The prognostic value of HEART score in patients with cocaine associated chest pain: An age-and-sex matched cohort study

Published:August 26, 2020DOI:



      HEART score is widely used to stratify patients with chest pain in the emergency department but has never been validated for cocaine-associated chest pain (CACP). We sought to evaluate the performance of HEART score in risk stratifying patients with CACP compared to an age- and sex-matched cohort with non-CACP.


      The parent study was an observational cohort study that enrolled consecutive patients with chest pain. We identified patients with CACP and age/sex matched them to patients with non-CACP in 1:2 fashion. HEART score was calculated retrospectively from charts. The primary outcome was major adverse cardiac events (MACE) within 30 days of indexed encounter.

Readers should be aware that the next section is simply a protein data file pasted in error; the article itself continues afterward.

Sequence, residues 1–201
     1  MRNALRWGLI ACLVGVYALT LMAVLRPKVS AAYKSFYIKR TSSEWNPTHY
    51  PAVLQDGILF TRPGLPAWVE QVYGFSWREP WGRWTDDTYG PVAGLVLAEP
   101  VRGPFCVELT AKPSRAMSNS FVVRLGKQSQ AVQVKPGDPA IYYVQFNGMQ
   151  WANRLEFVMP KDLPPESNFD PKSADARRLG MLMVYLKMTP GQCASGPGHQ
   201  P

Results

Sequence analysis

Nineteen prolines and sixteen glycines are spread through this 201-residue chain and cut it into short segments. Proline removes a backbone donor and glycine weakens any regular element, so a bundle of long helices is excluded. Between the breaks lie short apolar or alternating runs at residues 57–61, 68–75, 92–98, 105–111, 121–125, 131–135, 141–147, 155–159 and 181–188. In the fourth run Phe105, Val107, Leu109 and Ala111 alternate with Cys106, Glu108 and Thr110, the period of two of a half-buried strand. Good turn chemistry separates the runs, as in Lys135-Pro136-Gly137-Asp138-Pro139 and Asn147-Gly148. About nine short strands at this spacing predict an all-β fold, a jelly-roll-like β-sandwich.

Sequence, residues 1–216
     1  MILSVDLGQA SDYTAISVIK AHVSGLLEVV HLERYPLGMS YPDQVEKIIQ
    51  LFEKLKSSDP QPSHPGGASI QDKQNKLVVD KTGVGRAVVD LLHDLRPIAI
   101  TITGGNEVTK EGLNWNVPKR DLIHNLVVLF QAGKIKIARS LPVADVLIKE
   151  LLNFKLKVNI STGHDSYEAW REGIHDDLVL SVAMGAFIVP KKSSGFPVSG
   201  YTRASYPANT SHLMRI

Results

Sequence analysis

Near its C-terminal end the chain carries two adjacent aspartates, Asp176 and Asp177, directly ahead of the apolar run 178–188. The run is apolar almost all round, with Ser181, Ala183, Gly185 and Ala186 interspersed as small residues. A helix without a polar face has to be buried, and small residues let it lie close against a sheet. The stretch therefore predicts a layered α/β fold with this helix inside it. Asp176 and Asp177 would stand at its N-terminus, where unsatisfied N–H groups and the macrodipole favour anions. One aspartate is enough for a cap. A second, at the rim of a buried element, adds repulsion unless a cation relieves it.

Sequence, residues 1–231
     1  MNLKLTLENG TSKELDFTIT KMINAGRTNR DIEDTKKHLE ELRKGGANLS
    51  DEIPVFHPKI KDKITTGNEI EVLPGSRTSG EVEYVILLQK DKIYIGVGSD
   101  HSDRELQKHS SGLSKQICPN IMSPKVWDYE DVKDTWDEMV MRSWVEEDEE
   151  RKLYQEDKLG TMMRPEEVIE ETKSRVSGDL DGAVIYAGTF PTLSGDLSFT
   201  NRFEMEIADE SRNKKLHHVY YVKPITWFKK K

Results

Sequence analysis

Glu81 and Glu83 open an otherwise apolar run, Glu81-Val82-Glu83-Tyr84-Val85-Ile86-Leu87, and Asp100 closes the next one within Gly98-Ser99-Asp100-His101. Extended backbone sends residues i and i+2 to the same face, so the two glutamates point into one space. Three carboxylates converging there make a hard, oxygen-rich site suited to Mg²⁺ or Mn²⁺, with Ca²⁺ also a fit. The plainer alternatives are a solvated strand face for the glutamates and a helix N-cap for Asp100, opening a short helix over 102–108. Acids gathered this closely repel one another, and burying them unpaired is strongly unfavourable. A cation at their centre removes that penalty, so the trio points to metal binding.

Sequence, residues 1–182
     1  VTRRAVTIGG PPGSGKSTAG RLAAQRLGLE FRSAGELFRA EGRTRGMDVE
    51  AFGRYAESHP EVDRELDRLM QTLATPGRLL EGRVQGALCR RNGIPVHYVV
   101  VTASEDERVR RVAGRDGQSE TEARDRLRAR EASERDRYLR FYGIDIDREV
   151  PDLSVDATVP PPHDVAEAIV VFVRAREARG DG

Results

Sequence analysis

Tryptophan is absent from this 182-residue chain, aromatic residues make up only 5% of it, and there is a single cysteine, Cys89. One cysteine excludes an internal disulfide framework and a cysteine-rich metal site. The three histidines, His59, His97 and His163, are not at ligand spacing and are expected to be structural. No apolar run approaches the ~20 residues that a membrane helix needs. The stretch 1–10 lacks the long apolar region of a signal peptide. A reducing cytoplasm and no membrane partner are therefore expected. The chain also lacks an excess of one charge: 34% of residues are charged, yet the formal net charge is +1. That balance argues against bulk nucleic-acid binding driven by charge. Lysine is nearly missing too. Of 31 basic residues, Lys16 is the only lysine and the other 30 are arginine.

We included 156 patients with CACP and 312 age-and sex-matched patients with non-CACP (n = 468, mean age 51 ± 9, 22% females). There was no difference in rate of MACE between the groups (17.9% vs. 15.7%, p = 0.54). Compared to the non-CACP group, the HEART score had lower classification performance in those with CACP (AUC = 0.68 [0.56–0.80] vs. 0.84 [0.78–0.90], p = 0.022). In CACP group, Troponin score had the highest discriminatory value (AUC = 0.72 [0.60–0.85]) and Risk factors score had the lowest (AUC = 0.47 [0.34–0.59]). In patients deemed low-risk by the HEART score, those with CACP were more likely to experience MACE (14% vs. 4%, OR = 3.7 [1.3–10.7], p = 0.016).


      In patients with CACP, HEART score performs poorly in stratifying risk and is not recommended as a rule out tool to identify those at low risk of MACE.


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